And so it begins.

Scissor
Reply to  Klem
July 25, 2021 5:32 am

As long as I can drink beer to wash them down because grasshopper antenna tend to tickle the throat. Carbonated beverages are to be allowed aren’t they?

Richard Page
Reply to  Scissor
July 25, 2021 8:57 am

No. Carbon dioxide in drinks is verboten. Only beer made from organic, vegan ingredients from radical feminist farm collectives will be allowed and even then it will have the alcohol removed to avoid harm to others. Orwell should have written about “Big Nanny” not “Big Brother”.

Shanghai Dan
Reply to  Richard Page
July 25, 2021 9:22 am

No, Orwell was 100% correct about Big Brother, he just got the enemy wrong.

Instead of an actual, physical EastAsia to “fight” against, we have something much more ephemeral: Climate Change.

Rory Forbes
Reply to  Richard Page
July 25, 2021 10:58 am

You got that right. Rabid feminism was the first Marxist group to become normalized. It has opened the door to all the others. “Big Nanny” is spot on.

Rusty
Reply to  Klem
July 25, 2021 6:29 am

Not for the elite. They’ll still be dining on filet mignon and wagu beef whilst the plebs eat soylent green.

Reply to  Klem
July 25, 2021 10:09 am

It is a government-commissioned report. Don’t you feel warm already knowing that the government really cares?

Reply to  Curious George
July 25, 2021 10:27 am

Did any government ever commission a report on how to streamline the government?

Reply to  Curious George
July 25, 2021 2:20 pm

CG
Yes.
But the Civil Service, unhappily, lost it . . .
Odd, that.

Auto

Joe
Reply to  Klem
July 25, 2021 10:12 am

Agree!
And Soylent Green I Right around the corner.

B Clarke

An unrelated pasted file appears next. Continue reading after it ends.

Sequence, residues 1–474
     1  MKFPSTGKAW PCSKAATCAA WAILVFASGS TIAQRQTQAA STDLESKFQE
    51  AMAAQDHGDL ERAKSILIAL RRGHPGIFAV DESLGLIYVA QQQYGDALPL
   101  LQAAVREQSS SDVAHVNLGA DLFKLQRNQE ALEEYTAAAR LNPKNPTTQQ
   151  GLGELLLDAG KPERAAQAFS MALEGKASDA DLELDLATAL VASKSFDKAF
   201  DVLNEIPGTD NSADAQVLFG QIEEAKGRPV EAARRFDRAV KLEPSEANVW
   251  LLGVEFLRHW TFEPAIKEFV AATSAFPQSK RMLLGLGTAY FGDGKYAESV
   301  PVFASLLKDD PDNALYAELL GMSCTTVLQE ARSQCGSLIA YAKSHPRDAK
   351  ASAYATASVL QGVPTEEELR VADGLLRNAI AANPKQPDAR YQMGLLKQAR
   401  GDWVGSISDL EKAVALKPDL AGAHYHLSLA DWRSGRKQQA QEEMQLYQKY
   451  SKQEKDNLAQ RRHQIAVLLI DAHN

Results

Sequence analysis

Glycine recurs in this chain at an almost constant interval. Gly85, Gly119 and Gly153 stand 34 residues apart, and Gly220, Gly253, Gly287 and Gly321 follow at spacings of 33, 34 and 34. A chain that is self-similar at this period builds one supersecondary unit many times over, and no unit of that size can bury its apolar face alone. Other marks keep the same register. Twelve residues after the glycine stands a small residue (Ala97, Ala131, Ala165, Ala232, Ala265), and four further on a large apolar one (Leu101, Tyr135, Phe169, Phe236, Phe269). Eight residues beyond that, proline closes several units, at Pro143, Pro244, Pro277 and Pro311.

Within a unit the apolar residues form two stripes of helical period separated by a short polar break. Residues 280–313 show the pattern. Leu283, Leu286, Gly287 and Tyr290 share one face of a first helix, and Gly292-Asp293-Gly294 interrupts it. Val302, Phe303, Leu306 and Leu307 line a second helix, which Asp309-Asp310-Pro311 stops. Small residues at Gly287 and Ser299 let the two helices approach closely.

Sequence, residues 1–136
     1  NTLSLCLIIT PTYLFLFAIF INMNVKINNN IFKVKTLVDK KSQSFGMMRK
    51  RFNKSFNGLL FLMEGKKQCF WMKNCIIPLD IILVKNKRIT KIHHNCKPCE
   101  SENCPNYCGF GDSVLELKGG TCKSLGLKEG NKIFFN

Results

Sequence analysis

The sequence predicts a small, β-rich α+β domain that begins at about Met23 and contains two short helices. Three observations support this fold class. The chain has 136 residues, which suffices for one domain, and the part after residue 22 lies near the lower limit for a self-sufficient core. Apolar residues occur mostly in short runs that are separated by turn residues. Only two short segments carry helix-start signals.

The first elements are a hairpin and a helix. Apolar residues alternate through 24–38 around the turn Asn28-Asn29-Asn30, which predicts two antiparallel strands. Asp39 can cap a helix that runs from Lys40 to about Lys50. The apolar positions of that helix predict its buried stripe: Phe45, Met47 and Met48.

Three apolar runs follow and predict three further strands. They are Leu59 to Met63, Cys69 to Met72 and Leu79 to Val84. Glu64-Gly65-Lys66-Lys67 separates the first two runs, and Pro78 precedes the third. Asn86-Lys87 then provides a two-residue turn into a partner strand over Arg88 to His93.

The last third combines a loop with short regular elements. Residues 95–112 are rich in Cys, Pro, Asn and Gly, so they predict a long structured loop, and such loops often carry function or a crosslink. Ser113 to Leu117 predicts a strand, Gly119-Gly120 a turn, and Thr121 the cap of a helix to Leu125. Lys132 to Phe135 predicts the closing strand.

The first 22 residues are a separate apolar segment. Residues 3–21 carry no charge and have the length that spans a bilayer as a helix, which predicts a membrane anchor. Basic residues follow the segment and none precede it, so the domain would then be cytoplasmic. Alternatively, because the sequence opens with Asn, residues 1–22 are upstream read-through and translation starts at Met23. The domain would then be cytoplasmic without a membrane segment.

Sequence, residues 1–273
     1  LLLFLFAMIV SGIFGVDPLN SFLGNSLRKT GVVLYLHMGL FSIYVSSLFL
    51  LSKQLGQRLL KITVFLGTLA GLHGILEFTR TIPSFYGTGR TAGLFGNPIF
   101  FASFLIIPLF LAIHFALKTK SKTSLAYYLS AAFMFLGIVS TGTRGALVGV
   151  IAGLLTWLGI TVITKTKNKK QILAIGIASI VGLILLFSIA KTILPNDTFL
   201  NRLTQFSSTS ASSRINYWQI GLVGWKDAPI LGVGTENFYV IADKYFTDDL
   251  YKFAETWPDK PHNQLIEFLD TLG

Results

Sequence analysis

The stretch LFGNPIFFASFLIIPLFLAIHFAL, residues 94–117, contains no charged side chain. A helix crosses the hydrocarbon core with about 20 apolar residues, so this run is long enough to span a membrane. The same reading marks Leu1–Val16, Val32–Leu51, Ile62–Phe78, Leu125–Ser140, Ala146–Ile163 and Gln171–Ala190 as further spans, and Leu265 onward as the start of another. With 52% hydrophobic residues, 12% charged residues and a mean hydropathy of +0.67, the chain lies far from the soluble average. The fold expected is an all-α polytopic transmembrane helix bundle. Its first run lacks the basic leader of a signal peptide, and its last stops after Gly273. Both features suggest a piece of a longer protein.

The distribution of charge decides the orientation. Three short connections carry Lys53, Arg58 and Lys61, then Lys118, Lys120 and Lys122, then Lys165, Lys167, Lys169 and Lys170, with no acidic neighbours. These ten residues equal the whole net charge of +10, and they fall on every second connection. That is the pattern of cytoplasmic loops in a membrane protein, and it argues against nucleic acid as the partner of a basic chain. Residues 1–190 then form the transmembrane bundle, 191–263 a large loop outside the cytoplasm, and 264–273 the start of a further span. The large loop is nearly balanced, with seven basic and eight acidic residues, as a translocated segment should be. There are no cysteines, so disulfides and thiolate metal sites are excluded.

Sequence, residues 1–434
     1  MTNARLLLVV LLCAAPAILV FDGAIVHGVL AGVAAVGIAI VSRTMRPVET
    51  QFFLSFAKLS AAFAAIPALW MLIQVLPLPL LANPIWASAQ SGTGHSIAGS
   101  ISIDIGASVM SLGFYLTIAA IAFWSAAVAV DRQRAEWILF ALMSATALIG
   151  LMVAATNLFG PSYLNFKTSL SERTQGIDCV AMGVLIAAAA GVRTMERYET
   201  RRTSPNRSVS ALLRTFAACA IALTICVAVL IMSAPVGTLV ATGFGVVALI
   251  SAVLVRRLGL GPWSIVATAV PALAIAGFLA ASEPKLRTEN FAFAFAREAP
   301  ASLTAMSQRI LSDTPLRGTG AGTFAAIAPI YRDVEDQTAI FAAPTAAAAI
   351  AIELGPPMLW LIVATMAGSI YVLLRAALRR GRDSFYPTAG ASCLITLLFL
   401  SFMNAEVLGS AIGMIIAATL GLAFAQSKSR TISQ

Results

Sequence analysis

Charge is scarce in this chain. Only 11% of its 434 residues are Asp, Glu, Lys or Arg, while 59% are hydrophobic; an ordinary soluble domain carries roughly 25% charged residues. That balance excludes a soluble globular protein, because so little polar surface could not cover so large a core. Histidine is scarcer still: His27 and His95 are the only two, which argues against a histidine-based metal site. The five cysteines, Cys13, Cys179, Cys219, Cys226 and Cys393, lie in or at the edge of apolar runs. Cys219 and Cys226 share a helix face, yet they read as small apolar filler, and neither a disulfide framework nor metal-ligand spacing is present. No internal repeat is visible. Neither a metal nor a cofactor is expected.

July 25, 2021 2:25 am

As I’ve said before the Welsh government are one of the leading lights in railroading environmental legislation, heres one were they are being challenged through the courts

https://www.bbc.co.uk/news/uk-wales-politics-57929321

If the farmers don’t succeed a lot of farms will go out of business,the policy is designed without taking into consideration the Welsh government’s own reports on water quality.

For a few years we have seen propaganda through advertising, eat rich in protein bugs, a sudden increase in advertising of meat free foods , and buy boxed food to feed a family for a week= essentially rationing the amount of so called healthy food a family needs,sold via the reasoning of convenience and health.

Anthea Collins (for Miss Olive Holloway)
Reply to  B Clarke
July 25, 2021 2:50 am

Any one who tries to stop me having a “full English” breakfast, especially when I’m on holiday will lose my vote! Anthea

B Clarke
Reply to  Anthea Collins (for Miss Olive Holloway)
July 25, 2021 9:54 am

Black pudding?

Gary Pearse
Reply to  B Clarke
July 25, 2021 12:14 pm

Yum, with fat pork sausages and eggs. I had that on a trip over in 2005. Do they still serve this? BTW I am lean and healthy

B Clarke
Reply to  Gary Pearse
July 25, 2021 12:29 pm

Yep

Reply to  B Clarke
July 25, 2021 3:31 am

A Welsh Government spokesman said: “We cannot comment on ongoing legal matters.”

Curious obfuscation. I always thought that “legal matters” was the fundamental bedrock of government.

B Clarke
Reply to  Philip Mulholland
July 25, 2021 4:06 am

Yes I agree, but they have potentially acted illegally, thats why the court process has allowed a hearing ,again I think the Welsh government are taking orders from somewhere else.

Klem
Reply to  B Clarke
July 25, 2021 4:21 am

Orders based on the ideology: ‘You’ll own nothing and you’ll be happy’

B Clarke
Reply to  Klem
July 25, 2021 4:34 am